“Larschan’s work has already distinguished her as a scientific pioneer…”
“It was so exciting,” Larschan says of the effort, which began in 1990 and was completed in 2003. Scientists on the project “thought they were going to have everything figured out,” she recalls.
Larschan began figuring out her own path while pursuing an undergraduate degree in biochemistry from Wellesley College and working summers in a cancer lab at Harvard Medical School. And in earning a Ph.D. in genetics from Harvard and continuing training at Brigham and Women’s Hospital, Larschan discerned the fate of her research goals: to uncover connections between gene expression and disease.
She now runs her own research lab focusing on transcription factors, molecules that bind to DNA sequences. In so doing, they orchestrate which genes are turned on and which are silenced in various cells types and under an array of conditions, such as health and disease.
As one of the 22 early-career scientists named Pew Biomedical Scholars in 2011, Larschan studies the role of transcription factors in a phenomenon that allows male organisms to survive with only one X chromosome. While females have two copies of the X chromosome, males have one X and one Y chromosome, which houses only genes associated with male fertility.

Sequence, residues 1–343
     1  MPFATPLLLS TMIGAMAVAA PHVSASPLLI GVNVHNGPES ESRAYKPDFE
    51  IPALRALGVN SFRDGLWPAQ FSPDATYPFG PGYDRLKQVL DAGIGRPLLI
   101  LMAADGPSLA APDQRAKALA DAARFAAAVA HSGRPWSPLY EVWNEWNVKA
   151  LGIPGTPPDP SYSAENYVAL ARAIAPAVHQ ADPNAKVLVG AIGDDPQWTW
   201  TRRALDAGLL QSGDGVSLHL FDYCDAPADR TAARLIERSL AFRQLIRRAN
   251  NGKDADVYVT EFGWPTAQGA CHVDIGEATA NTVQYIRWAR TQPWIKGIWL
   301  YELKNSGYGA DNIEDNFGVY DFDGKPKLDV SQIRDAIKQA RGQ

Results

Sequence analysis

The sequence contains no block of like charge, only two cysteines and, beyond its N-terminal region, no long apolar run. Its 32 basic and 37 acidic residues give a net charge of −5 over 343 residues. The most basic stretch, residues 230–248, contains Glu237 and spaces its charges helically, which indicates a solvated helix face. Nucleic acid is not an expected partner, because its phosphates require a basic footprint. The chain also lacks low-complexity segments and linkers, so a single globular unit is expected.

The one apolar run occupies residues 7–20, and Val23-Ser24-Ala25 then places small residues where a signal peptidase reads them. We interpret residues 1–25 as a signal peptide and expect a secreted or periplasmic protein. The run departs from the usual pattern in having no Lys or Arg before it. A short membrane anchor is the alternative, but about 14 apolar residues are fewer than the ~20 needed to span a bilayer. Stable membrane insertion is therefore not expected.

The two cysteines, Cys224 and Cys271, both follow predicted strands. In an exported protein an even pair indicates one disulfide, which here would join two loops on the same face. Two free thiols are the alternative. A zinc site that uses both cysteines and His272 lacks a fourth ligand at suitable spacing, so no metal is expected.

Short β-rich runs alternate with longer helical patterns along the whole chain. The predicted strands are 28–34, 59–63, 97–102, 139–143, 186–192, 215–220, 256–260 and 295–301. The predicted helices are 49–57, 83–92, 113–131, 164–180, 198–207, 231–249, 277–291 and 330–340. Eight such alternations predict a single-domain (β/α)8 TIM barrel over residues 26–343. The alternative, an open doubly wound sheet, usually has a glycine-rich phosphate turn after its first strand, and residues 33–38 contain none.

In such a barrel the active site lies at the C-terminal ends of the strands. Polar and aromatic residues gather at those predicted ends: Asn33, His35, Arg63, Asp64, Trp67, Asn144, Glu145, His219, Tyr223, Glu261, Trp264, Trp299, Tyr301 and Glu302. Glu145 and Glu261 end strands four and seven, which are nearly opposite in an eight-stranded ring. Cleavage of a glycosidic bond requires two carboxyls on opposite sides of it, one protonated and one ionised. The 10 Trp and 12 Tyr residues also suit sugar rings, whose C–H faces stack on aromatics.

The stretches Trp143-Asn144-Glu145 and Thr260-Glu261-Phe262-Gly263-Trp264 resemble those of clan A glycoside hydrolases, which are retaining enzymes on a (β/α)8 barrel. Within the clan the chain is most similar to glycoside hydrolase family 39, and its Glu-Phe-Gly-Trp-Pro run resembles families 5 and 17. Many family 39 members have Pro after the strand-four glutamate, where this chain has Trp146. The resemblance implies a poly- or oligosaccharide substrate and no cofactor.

At first blush, the males’ lack of a second X chromosome ought to be lethal. Human cells have 46 chromosomes—two sex chromosomes and 22 paired sets of so-called somatic chromosomes, which contain genes related to non-reproductive bodily systems. Organisms need both copies of each somatic chromosome pair to live.
So what keeps males alive in the absence of a backup X chromosome? In a telling model, male fruit flies manufacture a specialized transcription factor called MSL (short for male-specific lethal—as they would die without it).
This, Larschan’s lab has discovered, enables them to double the genetic expression from their sole X chromosome—an advantage that might also appear in human males. Her group employs novel techniques to measure the moment-to-moment activity of genes on fruit flies’ X-chromosomes. MSL, they’ve found, helps enzymes to copy those genes.
If—in the distant future—that discovery proves applicable to humans, Larschan foresees that biomedical scientists might better understand and one day treat diseases such as cancer or schizophrenia, which are associated with abnormal gene regulation.
But for now, Larschan’s work has already distinguished her as a scientific pioneer, earning her a Presidential Early Career Award for Scientists and Engineers in 2012. That honor, bestowed by the President, recognizes researchers who take risks at the frontiers of science and technology.
Larschan passes that same eagerness to innovate on to her students. For instance, she teaches a transcription seminar which zeroes in on an initial step of the mechanism that allows all cells to create proteins from the blueprints in their genes.
In exposing genetics’ next frontier to her students, Larschan hopes to share the excitement for science the Human Genome Project instilled in her—and that her Pew award now nurtures. “It’s fun to get people started on a career in scientific inquiry,” she says.
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Since 1985, Pew’s biomedical programs have been supporting promising beginning researchers in the health sciences—particularly young investigators with innovative approaches and ideas. This article is the second in a “Biomedical Researcher of the Month” series highlighting Pew’s biomedical programs.
- Date added:
- Jan 22, 2013